Inventing The Abbots **
One Liner Review:
A decent drama / romance about two families in the fifties and how the lives of the children crossed paths over and over again throughout the years.
Inventing the Abbotts is meant to be like a Shakespeare play transplanted into the 1950s. The most obvious hints are of the play Romeo and Juliet, where two families were enemies and yet the children of each family ended up dating despite their parents’ objections. Things aren’t quite the same here, but they are certainly similar. And then there are the multiple siblings and the secrets from the past that end up coming out in small increments at a time. All of it is meant to feel like this great elaborate play, but it really isn’t much more than what is on the surface.
The Abbotts are the family next door. They’re the Gatsby’s, complete with their enormous parties that they throw under tents outside in their yard. And the other family, the Holts, just watches from next door and think of how spoiled the Abbotts are. The Holts are the family from the wrong side of the tracks. It’s two boys and their mom, watching and drooling over the Abbott girls. The Abbott parents are super rich and have three beautiful daughters, and the Holt boys can’t help but fantasize about them.
Joaquin Phoenix and Billy Crudup play the Holt boys. Liv Tyler, Jennifer Connelly, and a third and lesser-known older sister play the Abbott girls. At the start of the movie, the older brother, Jacey, (Crudup), has a monster crush on Eleanor Abbott (Connelly). He goes to her parties and dances with her, trying to make every moment count before her wealthier, preppy boyfriend cuts him off. Jacey is the bad boy that Eleanor wants, and the more her father, played by Will Patton, objects, the more she wants him. She shows up at his garage one day and tells him that she’s not really with that preppy boy from the party. Instead, she wants to be with Jacey.
The two of them go about sleeping together until one day the father, Lloyd Abbott, catches them and ships Eleanor off to a mental institution. For the longest time, the movie keeps it a secret where she has been sent away to, and it’s all the more scary because of the way she just ups and disappears. We get voice over by an actor who is meant to be an older version of the Joaquin phoenix character, Doug, and he tells us how Eleanor one day just vanished.
Jacey goes off to college and Doug is left at home to start up a fling with the youngest Abbott daughter, Pam (Liv Tyler). This part of the movie is the worst. Liv Tyler is incredibly annoying with her whiney voice. This movie was made right when she was breaking out as a movie star, and she acted exactly the same in every movie she was in. empire record in 1995, that thing you do in 1996, and then inventing the Abbotts in 1997. In every one of those movies she was the sweet, innocent girl who got used, mistreated, and had that whiney, whimpering voice to make us feel sorry for her. It was more annoying than anything else.
Doug and his relationship with Pam is the slowest part of the movie and liv Tyler’s lousy performance is only one of the reasons. Another is that there is no conflict here. They are both too good. These are the two nice and innocent characters, and compared to what’s going on between Jacey and Lloyd Abbott, these two are like little children.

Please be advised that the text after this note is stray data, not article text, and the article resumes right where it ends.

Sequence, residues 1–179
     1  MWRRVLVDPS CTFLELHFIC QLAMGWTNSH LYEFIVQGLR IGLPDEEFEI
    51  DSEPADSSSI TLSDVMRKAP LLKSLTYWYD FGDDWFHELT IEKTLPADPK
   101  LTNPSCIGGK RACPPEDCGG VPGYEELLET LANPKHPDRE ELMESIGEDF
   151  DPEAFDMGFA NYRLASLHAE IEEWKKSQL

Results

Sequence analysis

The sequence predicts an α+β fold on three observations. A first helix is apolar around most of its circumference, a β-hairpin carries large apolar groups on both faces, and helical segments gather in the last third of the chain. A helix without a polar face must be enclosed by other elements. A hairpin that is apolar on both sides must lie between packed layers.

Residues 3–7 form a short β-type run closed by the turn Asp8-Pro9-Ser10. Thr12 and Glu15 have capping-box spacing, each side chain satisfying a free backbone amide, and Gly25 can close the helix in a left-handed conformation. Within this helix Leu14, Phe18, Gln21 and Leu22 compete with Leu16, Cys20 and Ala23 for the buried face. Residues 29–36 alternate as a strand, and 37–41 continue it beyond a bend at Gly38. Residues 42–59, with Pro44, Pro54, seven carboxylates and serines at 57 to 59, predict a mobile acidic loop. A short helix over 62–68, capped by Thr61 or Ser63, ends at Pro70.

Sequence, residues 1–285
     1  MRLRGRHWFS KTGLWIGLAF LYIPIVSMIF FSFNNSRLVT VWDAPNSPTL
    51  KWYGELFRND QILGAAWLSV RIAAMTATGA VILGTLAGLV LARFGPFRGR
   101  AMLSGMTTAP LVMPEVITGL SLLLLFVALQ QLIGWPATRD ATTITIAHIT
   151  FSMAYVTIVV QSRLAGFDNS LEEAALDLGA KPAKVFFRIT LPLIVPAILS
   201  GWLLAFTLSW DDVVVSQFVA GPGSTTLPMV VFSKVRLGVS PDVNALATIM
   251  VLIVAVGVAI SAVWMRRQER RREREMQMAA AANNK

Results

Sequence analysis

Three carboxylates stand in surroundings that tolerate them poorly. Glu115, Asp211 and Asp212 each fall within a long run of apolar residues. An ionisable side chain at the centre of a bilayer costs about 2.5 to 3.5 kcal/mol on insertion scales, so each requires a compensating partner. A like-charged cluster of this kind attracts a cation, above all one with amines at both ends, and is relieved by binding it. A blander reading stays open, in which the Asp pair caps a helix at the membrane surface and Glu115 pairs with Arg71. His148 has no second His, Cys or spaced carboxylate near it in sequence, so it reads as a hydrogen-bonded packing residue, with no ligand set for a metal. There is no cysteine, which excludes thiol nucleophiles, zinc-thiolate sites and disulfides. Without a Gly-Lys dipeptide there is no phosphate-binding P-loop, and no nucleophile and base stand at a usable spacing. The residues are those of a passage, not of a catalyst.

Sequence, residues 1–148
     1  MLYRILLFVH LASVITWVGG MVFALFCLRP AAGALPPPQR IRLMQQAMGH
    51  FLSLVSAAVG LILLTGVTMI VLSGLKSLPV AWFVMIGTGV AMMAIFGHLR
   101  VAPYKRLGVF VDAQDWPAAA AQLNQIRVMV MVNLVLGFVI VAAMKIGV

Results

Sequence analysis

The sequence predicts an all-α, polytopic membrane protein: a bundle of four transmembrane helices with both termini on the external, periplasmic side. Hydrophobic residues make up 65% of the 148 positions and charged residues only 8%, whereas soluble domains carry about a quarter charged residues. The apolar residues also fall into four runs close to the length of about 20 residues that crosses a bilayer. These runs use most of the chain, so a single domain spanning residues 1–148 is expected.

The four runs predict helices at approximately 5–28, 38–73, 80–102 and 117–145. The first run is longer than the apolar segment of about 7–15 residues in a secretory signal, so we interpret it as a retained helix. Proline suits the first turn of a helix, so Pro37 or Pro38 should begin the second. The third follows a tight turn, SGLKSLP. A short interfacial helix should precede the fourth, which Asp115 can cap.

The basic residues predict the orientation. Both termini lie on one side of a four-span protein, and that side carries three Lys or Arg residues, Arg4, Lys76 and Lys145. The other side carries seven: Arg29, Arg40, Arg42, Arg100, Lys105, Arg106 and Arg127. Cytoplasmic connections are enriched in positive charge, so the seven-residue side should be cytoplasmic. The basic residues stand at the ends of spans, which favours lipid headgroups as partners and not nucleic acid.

Luckily there are other plot lines to follow right around the corner. There’s the one about Jacey returning from college and dating the oldest Abbott daughter (does this feel repetitive to anyone else?), and once again dealing with the father’s objections. This storyline still ends up being twice as much fun as the phoenix-Tyler story just because of the characters that are involved. When Lloyd Abbott surprises Jacey with a sort of ambush on the docks, it’s an exciting moment, even if it doesn’t lead to violence the way one might expect it would. I was shocked Abbott didn’t have some tough guys there with him waiting to beat Jacey up. Then I thought that maybe the only reason Pam agreed to help her father was because he promised her that he would be there alone. And then I thought that the movie should have somehow mentioned that. Don’t have the goons on the docks, fine, but give us a reason.
The best storyline of course is the secret about the back-story between the parents. Lloyd Abbott and the Holt father were business partners of sorts and Abbott dared the father one night to drive on some thin ice. The father’s car ended up crashing through the ice and he died. All of that is no secret at all. But the aftermath of what happened is where things start to get good.
One day while out on the road towards the beginning of the film, Jacey and Doug are sitting around drinking beers and Jacey tells his brother about how Lloyd Abbott stole their father’s invention. He explains that it’s the reason why the Abbotts are rich and they are poor. Later on we get another piece added to the story for us, involving an affair. And still later, we learn the truth about the whole mess. I love how this story unfolds slowly, over the years, and is all back-story and hidden secrets.
Inventing the Abbotts is not a great movie, mainly because it moves too slowly. The Doug-Pam relationship is incredibly dull, and unfortunately it becomes the sort of central relationship of the movie. The Jacey character is much more fun, but he’s only on screen for a part of the time. Similarly, Lloyd Abbott makes for a great villain, but there are whole lengthy portions of the movie where he’s nowhere to be found. The movie has some good elements going for it, especially in the ways the plot twists unfold, but there are also plenty of slow moments to go along with it. It’s an okay movie, worth watching, but certainly something that could have been better.